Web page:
Understanding Spatial Media came out this year. It was fantastic to work with the Editors Rob Kitchin and Matthew Wilson as well as all of the authors of the 22 chapters. The book provides an excellent overview of the domain, and the first chapter in particular, primarily written by Rob, situates the what Spatial Media are and critically discusses the practices and the discourse. We are moving into a new era, and I think it will be a machine/sensor/smart/autonomous/data based spatial media. Lets see!
The 2017 Canadian Open Data Summit was hosted by the city of Edmonton this year. These slides were part of the closing keynote. The talk was well received and it was great to work with public officials who are struggling with trying to administer, deliver programs, be innovative and consult with the public, but who were also receptive to the idea that we need to think at a higher moral and ethical level when deploying technologies. YOu can read the full program here.
This webinar was hosted by GeoConnections and created in collaboration with Open North. At least 150 people participated in the event across the country. It is the outcome of a larger GeoConnections funded project entitled Open Smart Cities and I am really happy to be a part of it and to be working with Jean-Noe Landry (ON), Rachel Bloom (ON), David Fewer (CIPPIC) and Mark Fox from (U of T).
I am just back from a fantastic 3 days with history of science and statistics scholars from France, Austria, Hungary, Mexico, Brazil, Argentina, Mexico, the US and Canada. In addition to the list of countries of the participants, articles discussed Cuba, Ethiopia, Senegal, and Kansas. The Colloque Le CHIFFRE et la CARTE was intellectually very stimulating with numerous critical data case studies from around the world by scholars who were not aware that critical data studies exists. This was thick description humanities work with a great many fans of Foucault, Hacking, Dupaquier, Desrosier, and Curtis. A few of the articles that were discussed are published in English and in French, in Histoire & Mesure Vol.32 No1, 2017. I was also introduced to this great French, English and Spanish Open Access Journal Statistique et Societe Statistics and Society Estadistica y Sociedad.
Critical data studies can benefit from working outside of English, outside of the West, beyond urban, by being more empirical, and should be less a-historical. There is a need to look at the history of science, statistics and technology, especially since the lesson learned from the past still apply today.
You can read the full program of the Colloque here.
The provenance of the colloque stems from earlier edited work done by Jean-Pierre Beaud and Jean-Guy Prevost in this wonderful work entitled L’ ère du chiffre / The Age of Numbers / Systèmes statistiques et traditions nationales/Statistical Systems and National Traditions, with key papers from Ian Hacking, Alain Desrosiere, Bruce Curtis, Theodore Porter and many others. It also is part of the work of Centre interuniversitaire de recherche sur la science et la technologie (CIRST) based at the University of Montreal.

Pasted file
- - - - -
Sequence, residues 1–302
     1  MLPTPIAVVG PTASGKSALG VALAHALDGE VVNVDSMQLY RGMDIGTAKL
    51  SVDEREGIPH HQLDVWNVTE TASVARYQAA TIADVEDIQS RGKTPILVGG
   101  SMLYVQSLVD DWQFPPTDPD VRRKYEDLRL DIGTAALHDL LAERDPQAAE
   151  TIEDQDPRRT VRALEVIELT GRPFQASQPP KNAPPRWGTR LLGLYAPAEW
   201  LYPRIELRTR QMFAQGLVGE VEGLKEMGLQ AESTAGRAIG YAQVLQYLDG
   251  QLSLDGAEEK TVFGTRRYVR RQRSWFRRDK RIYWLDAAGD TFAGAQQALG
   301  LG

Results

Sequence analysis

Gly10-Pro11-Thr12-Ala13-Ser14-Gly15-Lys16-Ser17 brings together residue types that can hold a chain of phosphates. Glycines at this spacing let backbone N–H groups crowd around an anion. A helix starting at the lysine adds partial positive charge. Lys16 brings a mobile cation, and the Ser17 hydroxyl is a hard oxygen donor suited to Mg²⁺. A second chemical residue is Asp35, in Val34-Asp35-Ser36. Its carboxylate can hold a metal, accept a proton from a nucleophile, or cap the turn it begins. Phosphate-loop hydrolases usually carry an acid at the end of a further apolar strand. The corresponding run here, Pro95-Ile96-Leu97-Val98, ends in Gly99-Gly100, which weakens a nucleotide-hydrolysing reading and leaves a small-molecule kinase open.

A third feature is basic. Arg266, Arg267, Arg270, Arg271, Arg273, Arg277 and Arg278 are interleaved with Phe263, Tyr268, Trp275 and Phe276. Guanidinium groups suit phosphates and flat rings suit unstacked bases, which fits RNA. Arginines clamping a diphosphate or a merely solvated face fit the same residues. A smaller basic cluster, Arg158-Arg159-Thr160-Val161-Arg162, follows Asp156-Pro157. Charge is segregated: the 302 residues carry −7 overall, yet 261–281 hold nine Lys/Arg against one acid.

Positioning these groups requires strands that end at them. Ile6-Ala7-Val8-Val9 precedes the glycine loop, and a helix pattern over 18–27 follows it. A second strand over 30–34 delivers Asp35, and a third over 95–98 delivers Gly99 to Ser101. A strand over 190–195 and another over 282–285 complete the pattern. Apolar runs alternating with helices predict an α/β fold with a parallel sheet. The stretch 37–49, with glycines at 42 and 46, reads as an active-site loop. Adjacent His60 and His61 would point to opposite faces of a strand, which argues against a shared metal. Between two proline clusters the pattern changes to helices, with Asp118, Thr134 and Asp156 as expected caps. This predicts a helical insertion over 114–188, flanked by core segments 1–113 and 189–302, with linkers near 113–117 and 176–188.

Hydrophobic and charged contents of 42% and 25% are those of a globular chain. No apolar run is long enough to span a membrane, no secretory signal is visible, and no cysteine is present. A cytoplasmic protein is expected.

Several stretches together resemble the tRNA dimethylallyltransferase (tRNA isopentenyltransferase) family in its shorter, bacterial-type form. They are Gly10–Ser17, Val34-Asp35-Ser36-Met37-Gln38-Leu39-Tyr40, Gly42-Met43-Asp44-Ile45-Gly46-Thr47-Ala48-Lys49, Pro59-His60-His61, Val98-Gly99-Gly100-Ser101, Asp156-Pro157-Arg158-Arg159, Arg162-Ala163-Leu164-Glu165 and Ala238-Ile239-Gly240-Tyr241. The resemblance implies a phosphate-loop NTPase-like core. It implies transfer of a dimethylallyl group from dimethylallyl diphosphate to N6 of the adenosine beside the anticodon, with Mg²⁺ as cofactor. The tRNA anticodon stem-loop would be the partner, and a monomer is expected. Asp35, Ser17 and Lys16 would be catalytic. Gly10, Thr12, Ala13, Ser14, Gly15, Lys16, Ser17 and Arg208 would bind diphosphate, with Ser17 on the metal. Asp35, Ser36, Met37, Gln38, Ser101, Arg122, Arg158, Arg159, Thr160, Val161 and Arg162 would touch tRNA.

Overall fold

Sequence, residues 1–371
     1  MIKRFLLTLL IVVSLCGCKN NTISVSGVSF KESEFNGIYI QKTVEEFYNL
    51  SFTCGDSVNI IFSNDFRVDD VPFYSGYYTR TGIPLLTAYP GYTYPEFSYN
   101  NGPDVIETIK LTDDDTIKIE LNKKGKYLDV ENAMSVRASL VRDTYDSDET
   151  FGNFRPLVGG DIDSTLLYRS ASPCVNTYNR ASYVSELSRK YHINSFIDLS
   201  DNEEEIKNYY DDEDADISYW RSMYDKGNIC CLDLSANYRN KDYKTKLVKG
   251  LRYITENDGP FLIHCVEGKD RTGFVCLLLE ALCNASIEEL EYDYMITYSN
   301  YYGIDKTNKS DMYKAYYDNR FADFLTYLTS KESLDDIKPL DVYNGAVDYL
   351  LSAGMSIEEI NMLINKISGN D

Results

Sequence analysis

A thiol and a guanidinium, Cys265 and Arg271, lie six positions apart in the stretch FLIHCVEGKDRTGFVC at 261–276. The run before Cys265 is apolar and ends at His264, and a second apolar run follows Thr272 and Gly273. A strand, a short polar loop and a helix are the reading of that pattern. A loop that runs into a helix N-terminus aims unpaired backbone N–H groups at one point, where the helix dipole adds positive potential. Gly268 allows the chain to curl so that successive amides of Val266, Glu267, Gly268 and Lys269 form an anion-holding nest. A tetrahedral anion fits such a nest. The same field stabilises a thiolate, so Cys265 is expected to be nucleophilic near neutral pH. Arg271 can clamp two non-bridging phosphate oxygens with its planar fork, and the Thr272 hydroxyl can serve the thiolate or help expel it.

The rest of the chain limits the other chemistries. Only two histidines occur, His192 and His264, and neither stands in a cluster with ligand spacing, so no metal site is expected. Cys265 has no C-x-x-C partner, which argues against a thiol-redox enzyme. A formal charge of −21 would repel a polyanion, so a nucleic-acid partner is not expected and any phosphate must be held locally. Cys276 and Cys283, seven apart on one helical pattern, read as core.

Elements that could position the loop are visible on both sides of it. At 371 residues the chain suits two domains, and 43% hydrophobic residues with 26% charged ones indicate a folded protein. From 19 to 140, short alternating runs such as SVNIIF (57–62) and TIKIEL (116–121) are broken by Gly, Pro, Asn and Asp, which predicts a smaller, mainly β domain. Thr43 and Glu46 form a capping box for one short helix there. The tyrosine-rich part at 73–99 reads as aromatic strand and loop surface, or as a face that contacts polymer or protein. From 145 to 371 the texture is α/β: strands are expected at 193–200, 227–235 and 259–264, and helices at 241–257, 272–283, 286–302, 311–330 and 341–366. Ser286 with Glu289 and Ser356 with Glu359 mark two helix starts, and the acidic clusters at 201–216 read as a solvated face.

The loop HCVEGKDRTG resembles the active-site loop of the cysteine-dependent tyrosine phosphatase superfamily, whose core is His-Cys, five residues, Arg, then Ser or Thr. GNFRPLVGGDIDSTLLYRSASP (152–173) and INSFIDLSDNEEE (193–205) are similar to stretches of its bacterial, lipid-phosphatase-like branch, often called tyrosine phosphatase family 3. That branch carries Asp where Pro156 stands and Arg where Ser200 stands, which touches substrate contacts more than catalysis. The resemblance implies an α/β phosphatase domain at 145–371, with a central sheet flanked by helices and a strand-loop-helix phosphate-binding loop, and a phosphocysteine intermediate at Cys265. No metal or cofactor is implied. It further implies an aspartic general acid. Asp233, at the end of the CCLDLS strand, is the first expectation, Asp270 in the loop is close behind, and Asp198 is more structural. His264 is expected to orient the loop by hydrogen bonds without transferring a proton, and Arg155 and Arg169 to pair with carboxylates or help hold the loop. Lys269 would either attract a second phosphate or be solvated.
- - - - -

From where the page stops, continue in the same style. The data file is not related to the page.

You can find the paper here Knowing and governing cities through urban indicators, city benchmarking and real-time dashboards by Rob Kitchin, Tracey P. Lauriault & Gavin McArdle.
The Calgary Homeless Foundation and The School of Public Policy at the University of Calgary held the First Annual Canadian Homelessness Data Sharing Initiative Calgary and the outcome of which is well described here.
The research for the studies discussed in these slides was funded by a European Research Council Advanced Investigator award ERC-2012-AdG-323636-SOFTCITY. I would like to express my gratitude to Ordnance Survey Ireland (OSi), Dublin City Council and the Open Data Community in Ireland for generously sharing their knowledge and time.
Presented on March 3, 2016 at the CGC 2016 Conference Play / Rewind River Building, Carleton University, Ottawa, Ontario, Canada.
This is early thinking about translating place names in a post-colonial socio-technological and national context. In Ireland the place name, have been translated from Gaelic to English and back again, transcribed on paper, digitized into maps and then into a linked database – thus augmenting the interconnections with Irish digital artifacts be them descriptions of archaeological and historical artifacts and places but also linked to historical texts, photographs, letters which discuss, references or represent these places. The first Translations were portrayed by playwright Brian Friel.
In the context of place names in Canada’s North it is about translating place names from their aural record in the context of Inuit local and traditional knowledge into digital records and recordings, creating typologies based on their emergence, and then mapping these into atlases. This is a process of translation by remediation and appropriating western legal and record keeping frameworks to preserve and share this knowledge.
In both cases, in Ireland and Canada’s North it is about media translations which re-play memories and by re-mediating them into a database create news.
GI Management Transformation: from geometry to databased relationships Ordnance Survey Ireland GI R&D Initiatives Tuesday, 22 March 2016, 13:00 to 20:30 (GMT) , Maynooth University, Republic of Ireland
The research for this paper was funded by a European Research Council Advanced Investigator award (ERC-2012-AdG-323636-SOFTCITY. I would like to express my gratitude to all at Ordnance Survey Ireland (OSi) for generously sharing their knowledge and time.
Presentation to the 2015 Geographical Names Board of Canada 16th Annual Meeting 395 Wellington, Ottawa, Ontario, Canada.